It is usually the case that solicitors only owe a duty of care to their clients. However, when it comes to Will drafting, the case of White v Jones established that a solicitor’s duty of care extends to beneficiaries.  Furthermore, the law has indicated that if a person makes a gift of property, and to give effect to that gift it is necessary to sever the Joint Tenancy, then a failure to do so can also be negligence – Carr Glynn v Frearsons.

Shah v Forsters LLP provided an interesting twist to this. The deceased and her husband were wealthy and held two properties as Joint Tenants. The husband had made a Will leaving one of the properties to his wife and the residue of his estate to her for life and then to the National Trust absolutely. Subsequently, the deceased and her husband became opposed to the National Trust receiving anything. However, the husband developed dementia and lacked capacity to make a fresh Will. The deceased anticipated that her husband would predecease her and that the properties would pass to her through survivorship. She sought advice from the Defendant firm about her Will and what would happen should she predecease her husband. She made her views clear about the National Trust and a discussion followed about severing the Joint Tenancies so that she could leave her share of the properties to her preferred charities, rather than allowing them to pass to her husband’s estate. However, if she survived him, as seemed more likely, and having severed the Tenancies, survivorship would not operate and she would only inherit one of the properties under the terms of his Will. 

Accordingly, she executed a new Will excluding the National Trust in favour of various charities but did not sever the Joint Tenancies. Instead, she signed a Letter of Wishes indicating that she wished the Tenancies to be severed after her death by means of a Variation if she predeceased her husband. She died unexpectedly and the properties passed by survivorship to her husband.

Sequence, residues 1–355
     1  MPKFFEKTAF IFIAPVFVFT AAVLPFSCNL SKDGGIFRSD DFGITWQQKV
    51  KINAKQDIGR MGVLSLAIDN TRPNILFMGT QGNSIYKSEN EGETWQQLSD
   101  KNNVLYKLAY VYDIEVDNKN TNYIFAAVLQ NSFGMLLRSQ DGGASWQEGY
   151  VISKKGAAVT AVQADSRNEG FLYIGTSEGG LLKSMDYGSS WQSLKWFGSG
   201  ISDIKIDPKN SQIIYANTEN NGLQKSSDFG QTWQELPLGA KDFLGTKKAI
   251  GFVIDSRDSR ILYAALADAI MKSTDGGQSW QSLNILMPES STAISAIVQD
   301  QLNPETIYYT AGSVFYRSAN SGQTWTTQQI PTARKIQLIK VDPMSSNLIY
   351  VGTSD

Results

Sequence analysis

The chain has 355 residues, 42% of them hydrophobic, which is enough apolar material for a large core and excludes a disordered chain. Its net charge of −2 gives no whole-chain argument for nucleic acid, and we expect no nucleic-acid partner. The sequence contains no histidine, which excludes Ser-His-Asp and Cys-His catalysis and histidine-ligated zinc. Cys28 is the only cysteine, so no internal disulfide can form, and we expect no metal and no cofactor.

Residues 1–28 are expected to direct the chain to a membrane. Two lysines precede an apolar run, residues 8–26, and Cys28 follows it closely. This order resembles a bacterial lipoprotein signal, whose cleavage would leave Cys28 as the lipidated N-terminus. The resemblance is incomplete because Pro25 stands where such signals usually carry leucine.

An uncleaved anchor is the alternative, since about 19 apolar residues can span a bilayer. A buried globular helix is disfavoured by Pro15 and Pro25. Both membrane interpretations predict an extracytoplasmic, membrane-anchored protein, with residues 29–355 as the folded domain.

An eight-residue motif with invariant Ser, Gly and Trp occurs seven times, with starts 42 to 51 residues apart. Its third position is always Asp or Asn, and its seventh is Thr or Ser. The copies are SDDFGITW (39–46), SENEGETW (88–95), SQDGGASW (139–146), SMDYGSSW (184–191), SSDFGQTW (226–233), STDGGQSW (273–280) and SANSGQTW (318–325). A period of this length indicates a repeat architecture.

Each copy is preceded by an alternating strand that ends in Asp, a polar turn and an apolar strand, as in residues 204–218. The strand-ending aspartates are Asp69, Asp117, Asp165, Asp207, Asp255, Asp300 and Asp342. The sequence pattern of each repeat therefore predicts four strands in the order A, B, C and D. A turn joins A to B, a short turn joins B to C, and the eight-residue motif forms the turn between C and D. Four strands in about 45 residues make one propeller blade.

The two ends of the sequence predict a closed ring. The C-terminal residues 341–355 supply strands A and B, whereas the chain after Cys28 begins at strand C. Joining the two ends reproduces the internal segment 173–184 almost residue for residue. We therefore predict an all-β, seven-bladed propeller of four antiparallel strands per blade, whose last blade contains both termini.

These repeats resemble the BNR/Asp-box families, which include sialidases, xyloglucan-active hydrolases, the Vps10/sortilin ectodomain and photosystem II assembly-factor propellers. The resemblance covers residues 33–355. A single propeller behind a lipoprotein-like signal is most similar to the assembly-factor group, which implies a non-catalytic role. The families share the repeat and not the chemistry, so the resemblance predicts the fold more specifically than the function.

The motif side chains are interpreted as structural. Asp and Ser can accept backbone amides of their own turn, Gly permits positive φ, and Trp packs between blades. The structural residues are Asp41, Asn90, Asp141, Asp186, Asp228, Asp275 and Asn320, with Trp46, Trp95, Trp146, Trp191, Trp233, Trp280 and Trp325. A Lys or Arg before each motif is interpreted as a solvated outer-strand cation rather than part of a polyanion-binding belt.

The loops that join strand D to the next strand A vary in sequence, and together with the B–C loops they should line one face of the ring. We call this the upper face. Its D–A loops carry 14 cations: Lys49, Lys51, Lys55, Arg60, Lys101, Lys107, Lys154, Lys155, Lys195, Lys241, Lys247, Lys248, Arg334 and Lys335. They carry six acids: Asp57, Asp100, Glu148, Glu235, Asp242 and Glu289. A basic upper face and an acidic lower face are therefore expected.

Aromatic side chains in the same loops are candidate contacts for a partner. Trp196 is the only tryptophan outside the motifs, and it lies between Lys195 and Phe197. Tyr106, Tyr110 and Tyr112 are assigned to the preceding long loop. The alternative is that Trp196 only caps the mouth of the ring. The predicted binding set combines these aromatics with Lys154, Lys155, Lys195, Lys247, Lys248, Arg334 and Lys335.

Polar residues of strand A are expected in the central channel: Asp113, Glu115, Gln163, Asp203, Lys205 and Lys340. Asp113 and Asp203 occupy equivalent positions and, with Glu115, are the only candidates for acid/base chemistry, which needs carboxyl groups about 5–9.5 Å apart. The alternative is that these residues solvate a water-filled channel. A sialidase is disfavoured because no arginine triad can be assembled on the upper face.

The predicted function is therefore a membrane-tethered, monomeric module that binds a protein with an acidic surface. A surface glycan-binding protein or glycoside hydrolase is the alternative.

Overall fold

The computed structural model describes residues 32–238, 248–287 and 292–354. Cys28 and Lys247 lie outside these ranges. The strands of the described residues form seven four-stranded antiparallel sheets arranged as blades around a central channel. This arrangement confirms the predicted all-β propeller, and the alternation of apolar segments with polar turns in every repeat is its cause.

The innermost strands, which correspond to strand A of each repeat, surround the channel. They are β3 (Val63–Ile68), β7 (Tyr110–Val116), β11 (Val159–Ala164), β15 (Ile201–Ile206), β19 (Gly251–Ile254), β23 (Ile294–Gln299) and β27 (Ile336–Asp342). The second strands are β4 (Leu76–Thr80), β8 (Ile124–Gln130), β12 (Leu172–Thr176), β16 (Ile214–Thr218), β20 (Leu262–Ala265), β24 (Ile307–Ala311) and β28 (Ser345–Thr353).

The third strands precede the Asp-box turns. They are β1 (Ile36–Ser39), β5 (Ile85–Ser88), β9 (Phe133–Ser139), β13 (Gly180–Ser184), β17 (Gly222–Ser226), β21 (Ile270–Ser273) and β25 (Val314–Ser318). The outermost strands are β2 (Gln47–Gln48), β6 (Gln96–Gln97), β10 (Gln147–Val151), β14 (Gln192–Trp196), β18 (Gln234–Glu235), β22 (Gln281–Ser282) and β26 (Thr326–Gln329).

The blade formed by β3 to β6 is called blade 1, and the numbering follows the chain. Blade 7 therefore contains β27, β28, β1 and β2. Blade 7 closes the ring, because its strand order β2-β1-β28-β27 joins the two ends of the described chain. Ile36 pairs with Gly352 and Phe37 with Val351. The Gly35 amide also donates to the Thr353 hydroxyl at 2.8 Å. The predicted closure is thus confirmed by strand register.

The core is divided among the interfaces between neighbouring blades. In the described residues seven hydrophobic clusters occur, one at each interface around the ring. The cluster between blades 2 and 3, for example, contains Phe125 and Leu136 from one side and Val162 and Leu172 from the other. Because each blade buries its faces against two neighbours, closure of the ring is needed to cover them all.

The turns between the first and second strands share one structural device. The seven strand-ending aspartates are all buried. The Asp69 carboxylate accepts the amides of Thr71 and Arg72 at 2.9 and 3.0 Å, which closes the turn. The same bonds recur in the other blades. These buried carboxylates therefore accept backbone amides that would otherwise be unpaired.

The Executors claimed that the solicitors had been under a duty to consider severance of the Joint Tenancies so that the deceased’s testamentary wishes would be fulfilled.

The Court found that there was no doubt that Forsters owed duties to explain the effects of the Joint Tenancies and the effect that non-severance would have. It was proper to consider both the fact that non-severance would mean that the National Trust potentially benefited but also that severance led to the potential loss to the deceased’s estate of one of the properties. Accordingly, the duty on the solicitors was to make reasonable enquiries to ascertain facts which might have an impact on the deceased’s intentions, including anticipated life expectancy gifts and inheritance. However, in this case the important qualification affecting the scope of the duty was that the deceased had given clear instructions that, apart from making her Will and Letter of Wishes, she wanted to leave matters over for discussion at another meeting.

It was found that the solicitors had advised the deceased that post-death severance was no more than a possibility and might not be achieved. In contrast, she had been expressly advised of her right to make a lifetime severance but had given instructions that she wished to preserve the status quo.  The Executors alleged that the solicitors failed to ensure the deceased’s share in the property passed to her chosen beneficiaries and not to the National Trust. However, the Court said there was no duty on the solicitors to ensure a particular outcome. The duty was to take care that effect was given to the deceased’s testamentary intentions which is what they had done.

Furthermore, the Court went on to say that, even if there had been a breach of duty, the Executors would have been required to prove causation on a balance of probabilities. Equally, they would have needed to prove that, if the deceased had been properly advised, she would have severed the Joint Tenancies. The Court was not satisfied that she would have acted differently.